Prominently featured on almost every postcard of Waikiki, Diamond Head is a volcanic tuff cone located on the island of Oahu in Hawaii. With a trail that allows visitors to hike to the top, Diamond Head offers some of the most incredible views overlooking Honolulu and the surrounding island. There are also a handful of bunkers at the top of the volcano leftover from World War 2 that further add to the character of Diamond Head and its landmark status.
Diamond Head got its English name from British sailors in the 19th century who mistook calcite crystals on a nearby beach for diamonds. Today a casual 1.1km (0.75 mile) hike leads to the edge of the crater with a gain of 560 feet in elevation.
At the top of Diamond Head you'll find a former coastal artillery observation platform, small bunkers, tunnels, an interior spiral staircase, and a long exterior outdoor staircase. We were pretty casual and took our time at Diamond Head, and the hike and sightseeing still only took a couple hours. It's well worth a visit for the views alone.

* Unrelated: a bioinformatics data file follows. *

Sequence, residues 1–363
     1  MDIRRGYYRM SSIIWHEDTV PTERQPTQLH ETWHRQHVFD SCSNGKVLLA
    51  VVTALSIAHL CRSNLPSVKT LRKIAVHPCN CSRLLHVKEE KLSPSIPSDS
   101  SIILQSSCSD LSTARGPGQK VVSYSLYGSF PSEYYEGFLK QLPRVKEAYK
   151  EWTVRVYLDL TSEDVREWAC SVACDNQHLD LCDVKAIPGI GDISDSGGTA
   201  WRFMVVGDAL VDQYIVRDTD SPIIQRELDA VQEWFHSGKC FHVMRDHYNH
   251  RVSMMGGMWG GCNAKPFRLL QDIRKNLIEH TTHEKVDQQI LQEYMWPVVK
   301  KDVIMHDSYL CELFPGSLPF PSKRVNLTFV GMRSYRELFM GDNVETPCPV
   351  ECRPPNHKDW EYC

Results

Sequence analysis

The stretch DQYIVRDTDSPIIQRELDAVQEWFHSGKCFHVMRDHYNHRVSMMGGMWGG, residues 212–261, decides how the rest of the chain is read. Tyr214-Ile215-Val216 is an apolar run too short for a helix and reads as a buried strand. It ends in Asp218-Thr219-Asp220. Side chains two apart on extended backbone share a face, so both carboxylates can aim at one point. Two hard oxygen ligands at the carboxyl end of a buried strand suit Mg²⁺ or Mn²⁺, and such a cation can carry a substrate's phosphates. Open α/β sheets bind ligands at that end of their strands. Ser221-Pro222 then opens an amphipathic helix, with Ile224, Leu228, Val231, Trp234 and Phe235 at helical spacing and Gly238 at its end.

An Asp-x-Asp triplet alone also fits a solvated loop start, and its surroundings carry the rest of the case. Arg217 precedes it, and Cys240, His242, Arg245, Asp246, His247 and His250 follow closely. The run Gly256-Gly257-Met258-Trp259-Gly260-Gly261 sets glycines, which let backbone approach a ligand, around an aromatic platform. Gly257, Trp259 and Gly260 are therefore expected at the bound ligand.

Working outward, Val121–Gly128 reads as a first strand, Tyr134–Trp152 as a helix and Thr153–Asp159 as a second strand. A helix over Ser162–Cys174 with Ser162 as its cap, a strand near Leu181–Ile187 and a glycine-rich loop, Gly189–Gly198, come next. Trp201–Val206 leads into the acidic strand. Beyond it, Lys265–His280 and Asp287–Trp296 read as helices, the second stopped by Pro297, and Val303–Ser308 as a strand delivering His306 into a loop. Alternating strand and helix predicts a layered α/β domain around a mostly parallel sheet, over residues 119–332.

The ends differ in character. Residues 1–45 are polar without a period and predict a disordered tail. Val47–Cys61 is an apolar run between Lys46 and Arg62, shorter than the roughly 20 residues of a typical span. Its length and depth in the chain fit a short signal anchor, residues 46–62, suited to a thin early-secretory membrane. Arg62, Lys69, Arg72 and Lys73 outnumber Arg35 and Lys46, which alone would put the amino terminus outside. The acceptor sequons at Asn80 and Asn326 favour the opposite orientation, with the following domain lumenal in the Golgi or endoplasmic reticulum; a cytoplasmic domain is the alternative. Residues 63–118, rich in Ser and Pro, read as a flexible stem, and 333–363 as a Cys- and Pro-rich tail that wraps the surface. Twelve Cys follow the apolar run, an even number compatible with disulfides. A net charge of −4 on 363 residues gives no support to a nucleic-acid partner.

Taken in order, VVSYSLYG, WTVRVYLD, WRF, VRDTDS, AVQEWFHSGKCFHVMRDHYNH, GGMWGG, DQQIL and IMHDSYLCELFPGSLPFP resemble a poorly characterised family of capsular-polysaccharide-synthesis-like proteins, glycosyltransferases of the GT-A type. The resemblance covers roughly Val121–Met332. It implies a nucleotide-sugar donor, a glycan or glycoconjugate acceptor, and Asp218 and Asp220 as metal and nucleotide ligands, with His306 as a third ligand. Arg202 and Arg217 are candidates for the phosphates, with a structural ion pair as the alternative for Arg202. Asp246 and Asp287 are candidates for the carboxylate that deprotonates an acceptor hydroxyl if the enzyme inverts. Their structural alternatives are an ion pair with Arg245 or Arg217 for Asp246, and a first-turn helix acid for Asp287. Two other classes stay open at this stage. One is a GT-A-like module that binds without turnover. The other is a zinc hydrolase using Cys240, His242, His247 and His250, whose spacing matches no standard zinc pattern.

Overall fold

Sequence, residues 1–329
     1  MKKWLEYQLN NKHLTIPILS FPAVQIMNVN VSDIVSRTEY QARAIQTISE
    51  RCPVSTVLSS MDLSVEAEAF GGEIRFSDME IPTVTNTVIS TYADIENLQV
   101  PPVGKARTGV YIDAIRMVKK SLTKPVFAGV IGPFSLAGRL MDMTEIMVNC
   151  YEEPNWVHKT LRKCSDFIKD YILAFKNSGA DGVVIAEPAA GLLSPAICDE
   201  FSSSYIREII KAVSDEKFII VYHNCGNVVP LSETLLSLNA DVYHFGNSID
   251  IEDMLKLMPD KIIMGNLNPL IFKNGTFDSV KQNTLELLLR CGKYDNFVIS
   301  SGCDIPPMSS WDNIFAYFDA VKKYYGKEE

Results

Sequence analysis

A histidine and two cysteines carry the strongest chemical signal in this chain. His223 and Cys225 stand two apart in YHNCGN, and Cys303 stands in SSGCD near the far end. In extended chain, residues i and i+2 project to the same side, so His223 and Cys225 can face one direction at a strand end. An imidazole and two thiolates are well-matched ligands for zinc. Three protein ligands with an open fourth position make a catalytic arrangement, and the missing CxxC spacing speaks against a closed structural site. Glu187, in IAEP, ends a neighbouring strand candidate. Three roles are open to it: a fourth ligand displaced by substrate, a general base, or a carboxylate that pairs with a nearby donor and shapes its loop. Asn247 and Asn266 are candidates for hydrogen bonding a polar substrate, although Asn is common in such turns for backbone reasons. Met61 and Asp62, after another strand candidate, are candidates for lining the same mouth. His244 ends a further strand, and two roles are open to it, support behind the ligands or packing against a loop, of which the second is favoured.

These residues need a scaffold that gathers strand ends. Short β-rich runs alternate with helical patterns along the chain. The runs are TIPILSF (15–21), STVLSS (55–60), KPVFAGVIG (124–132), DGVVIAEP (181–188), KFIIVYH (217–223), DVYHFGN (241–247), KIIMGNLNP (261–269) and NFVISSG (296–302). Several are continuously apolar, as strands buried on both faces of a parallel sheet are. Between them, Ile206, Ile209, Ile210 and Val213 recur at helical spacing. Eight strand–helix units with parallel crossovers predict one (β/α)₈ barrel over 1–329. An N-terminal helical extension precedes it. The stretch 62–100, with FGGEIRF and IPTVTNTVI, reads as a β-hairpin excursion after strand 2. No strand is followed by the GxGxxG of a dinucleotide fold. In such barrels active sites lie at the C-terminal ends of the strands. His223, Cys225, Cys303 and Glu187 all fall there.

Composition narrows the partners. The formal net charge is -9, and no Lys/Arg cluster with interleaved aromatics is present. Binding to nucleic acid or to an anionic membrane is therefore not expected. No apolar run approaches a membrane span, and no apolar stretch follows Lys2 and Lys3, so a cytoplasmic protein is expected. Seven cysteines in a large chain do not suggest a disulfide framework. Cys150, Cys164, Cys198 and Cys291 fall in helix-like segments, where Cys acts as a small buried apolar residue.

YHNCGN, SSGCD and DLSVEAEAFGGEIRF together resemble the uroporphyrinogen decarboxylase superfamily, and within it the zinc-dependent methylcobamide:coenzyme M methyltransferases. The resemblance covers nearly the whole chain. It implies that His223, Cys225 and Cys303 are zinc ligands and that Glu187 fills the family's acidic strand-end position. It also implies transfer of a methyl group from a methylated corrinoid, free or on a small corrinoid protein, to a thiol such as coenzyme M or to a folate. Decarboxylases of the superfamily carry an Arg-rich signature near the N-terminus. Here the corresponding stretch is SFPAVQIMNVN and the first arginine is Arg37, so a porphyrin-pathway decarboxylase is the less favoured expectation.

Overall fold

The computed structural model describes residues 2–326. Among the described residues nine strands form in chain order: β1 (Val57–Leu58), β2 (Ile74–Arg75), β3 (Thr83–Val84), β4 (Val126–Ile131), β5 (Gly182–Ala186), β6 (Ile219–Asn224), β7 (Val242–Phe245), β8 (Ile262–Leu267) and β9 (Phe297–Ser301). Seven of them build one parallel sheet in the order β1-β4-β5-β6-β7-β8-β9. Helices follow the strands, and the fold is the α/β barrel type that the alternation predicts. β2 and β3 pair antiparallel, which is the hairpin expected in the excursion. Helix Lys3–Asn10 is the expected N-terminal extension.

Formerly one of the oldest shipbuilding facilities in the United States Navy, the Charlestown Navy Yard (or Boston Navy Yard) in Boston, Massachusetts was decommissioned in 1974. Today the site is part of the Boston National Historical Park administered by the National Park Service, which is home to the 1797 warship USS Constitution and the 1943 destroyer USS Cassin Young.
Completed in 1753 as the Pennsylvania State House, Independence Hall is the centerpiece of the Independence National Historical Park in downtown Philadelphia, Pennsylvania. It was inside Independence Hall, where the Liberty Bell once hung, that both the Declaration of Independence and the United States Constitution were signed.